Love Him or Leave Him, He Is Wayne Rooney

Paul Madison

He’s brash.

He’s talented.

He’s English.

He’s Wayne Rooney, and he doesn’t give a damn what you think anymore.

America loves ballplayers. We love the guy who stands up in the face of the wind, says “Fuck you” and delivers. We love the millionaires who show up in all their flash, all their pomp, and at the end of the day, entertain us by getting down and dirty. We love the guy who delivers in the clutch. In this country, results are all that matter. Black, white, red, yellow. Win, or go home. Wayne Rooney wins, and then tells us where to stick it. He dives in for a tackle and tells the other person to “fuck off” when they look for a penalty. He will step on your face with his cleats and smile as he walks away.

This past weekend, Roo scored a “goalazo” against Crystal Palace to, for the moment, justify his hefty and heavily criticized new contract. It was an impeccably timed volley that many world class players would love to have, and pushed his goal tally into double digits for the tenth consecutive season. He has never scored less then 16 in a season across all competitions. His wide range of passing and defensive work has earned him a reputation as the best English player of his generation. When on the pitch, he is 100% committed to the cause, and epitomizes Manchester United’s “never say die” attitude. He can, and has, played every position across midfield and forward. He can score from anywhere and with as much flair as you can imagine, with his 2011 bicycle kick against rivals Manchester City being deemed the greatest goal in the British Premier League’s history. He even drops into defense late in games, tackling players with the intensity of football players of another kind of league. He is the complete player.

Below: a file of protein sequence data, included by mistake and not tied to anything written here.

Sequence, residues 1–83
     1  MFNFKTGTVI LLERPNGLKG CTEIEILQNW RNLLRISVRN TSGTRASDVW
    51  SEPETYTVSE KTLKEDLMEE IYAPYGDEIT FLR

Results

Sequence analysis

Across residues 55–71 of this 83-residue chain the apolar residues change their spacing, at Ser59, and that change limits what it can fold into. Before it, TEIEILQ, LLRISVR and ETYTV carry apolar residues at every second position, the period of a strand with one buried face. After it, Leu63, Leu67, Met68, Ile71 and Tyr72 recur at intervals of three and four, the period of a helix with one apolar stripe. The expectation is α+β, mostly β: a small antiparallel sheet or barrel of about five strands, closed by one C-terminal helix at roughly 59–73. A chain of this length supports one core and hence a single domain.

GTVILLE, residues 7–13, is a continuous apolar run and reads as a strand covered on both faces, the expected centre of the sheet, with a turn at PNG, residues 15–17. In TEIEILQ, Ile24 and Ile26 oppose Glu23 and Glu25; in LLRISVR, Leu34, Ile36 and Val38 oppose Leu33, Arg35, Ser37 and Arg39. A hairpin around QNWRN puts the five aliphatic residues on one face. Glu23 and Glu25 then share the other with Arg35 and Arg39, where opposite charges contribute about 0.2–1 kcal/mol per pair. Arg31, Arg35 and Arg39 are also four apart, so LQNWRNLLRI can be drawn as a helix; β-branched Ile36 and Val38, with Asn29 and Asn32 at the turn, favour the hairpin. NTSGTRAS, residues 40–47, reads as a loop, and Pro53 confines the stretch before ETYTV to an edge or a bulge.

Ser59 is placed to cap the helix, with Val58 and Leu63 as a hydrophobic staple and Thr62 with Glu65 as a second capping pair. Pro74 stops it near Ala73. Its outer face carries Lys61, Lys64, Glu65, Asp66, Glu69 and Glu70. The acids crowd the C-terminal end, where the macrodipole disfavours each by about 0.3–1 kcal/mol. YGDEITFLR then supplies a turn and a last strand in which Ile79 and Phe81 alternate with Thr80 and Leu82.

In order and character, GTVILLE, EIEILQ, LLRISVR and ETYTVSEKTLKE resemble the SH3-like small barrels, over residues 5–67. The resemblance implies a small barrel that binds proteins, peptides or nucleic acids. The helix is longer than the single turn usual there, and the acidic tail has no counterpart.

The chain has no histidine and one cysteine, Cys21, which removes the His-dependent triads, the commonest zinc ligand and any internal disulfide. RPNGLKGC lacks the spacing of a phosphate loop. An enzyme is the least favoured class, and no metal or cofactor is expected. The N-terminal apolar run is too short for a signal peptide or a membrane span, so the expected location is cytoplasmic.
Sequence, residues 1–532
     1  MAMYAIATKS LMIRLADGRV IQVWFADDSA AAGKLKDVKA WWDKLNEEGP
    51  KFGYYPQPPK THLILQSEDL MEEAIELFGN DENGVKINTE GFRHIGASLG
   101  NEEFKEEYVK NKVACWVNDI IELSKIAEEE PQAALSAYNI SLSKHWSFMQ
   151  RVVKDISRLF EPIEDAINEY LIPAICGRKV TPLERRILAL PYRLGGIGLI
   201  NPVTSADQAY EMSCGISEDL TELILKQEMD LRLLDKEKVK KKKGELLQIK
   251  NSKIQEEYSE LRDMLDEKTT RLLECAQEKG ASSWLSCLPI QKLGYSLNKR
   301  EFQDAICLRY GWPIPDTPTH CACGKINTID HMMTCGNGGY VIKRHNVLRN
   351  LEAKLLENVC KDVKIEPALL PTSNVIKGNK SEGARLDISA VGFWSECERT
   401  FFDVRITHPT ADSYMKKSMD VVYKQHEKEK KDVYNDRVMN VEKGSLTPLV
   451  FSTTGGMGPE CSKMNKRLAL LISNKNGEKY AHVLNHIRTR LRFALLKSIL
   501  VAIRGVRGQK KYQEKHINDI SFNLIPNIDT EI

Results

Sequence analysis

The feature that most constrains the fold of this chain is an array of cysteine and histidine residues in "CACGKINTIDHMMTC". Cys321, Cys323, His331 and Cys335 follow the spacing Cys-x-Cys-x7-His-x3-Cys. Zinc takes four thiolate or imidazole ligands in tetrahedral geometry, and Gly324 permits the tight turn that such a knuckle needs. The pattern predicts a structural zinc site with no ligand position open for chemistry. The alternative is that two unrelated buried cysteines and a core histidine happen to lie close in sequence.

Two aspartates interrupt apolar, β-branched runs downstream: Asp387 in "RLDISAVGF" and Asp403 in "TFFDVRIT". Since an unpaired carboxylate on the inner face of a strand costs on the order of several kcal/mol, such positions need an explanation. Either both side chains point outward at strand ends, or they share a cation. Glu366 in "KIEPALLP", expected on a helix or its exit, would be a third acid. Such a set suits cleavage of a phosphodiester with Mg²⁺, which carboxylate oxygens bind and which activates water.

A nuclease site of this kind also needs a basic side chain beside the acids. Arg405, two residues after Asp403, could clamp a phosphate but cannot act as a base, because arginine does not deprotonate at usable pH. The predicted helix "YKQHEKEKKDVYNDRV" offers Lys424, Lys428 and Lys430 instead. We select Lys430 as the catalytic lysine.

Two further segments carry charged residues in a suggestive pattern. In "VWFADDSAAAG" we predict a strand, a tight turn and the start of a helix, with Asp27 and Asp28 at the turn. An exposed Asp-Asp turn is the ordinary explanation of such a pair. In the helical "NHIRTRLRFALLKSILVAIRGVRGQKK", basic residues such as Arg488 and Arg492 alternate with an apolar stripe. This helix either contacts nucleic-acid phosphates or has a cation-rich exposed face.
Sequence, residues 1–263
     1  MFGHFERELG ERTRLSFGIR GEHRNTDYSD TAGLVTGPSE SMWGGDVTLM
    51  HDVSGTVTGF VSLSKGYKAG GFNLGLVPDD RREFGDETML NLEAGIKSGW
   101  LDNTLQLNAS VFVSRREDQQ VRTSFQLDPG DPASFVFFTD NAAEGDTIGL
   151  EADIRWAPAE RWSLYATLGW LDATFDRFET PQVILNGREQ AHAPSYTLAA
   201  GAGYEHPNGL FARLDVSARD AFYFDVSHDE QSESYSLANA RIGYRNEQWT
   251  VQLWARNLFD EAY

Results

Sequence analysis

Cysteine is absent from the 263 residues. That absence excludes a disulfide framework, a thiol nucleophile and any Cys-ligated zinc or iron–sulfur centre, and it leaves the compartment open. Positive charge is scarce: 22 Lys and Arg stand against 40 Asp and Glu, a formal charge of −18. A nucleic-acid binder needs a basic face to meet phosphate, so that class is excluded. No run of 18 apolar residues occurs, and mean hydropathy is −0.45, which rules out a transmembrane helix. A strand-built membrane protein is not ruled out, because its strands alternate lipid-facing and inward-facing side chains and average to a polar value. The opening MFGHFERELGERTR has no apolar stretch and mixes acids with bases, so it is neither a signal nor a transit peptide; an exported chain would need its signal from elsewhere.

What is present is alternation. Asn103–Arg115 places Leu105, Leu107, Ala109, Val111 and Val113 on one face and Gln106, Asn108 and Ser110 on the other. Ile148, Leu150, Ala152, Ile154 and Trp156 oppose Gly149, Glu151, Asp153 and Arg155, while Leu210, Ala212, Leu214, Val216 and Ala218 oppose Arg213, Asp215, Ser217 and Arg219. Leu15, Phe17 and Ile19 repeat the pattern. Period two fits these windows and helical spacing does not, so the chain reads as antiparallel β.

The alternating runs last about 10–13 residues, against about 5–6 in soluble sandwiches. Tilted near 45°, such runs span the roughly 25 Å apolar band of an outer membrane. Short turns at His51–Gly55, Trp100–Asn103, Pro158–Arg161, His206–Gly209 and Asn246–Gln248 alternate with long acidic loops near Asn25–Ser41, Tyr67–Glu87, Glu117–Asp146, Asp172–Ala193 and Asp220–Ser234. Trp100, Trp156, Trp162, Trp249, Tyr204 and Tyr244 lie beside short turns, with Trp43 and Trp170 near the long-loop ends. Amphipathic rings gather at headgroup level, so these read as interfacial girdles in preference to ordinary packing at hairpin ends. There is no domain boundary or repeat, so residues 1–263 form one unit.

So why all the hate?

Rooney always had a rough relationship with the Manchester United hierarchy. He didn’t like being the most talented player on the team, but not having input. He didn’t like not being paid what he considered to be “fair”. He saw the wages of players on the other side of Manchester wearing blue, players who were less accomplished on a club who have no history, but getting double his pay. At one point in 2010, he publicly asked for a transfer, with that team in blue as his ideal place to ply his trade. His mind was changed by then manager Sir Alex Ferguson, who gave him a decent pay raise, but who never forgot that he stuck a knife in the clubs back. The 2011/12 season saw him have his best year to date, scoring 27 times for United in 34 Premier League matches, but he couldn’t lift them to the league title, falling 2nd to local rivals, and former flirt partner, Manchester City.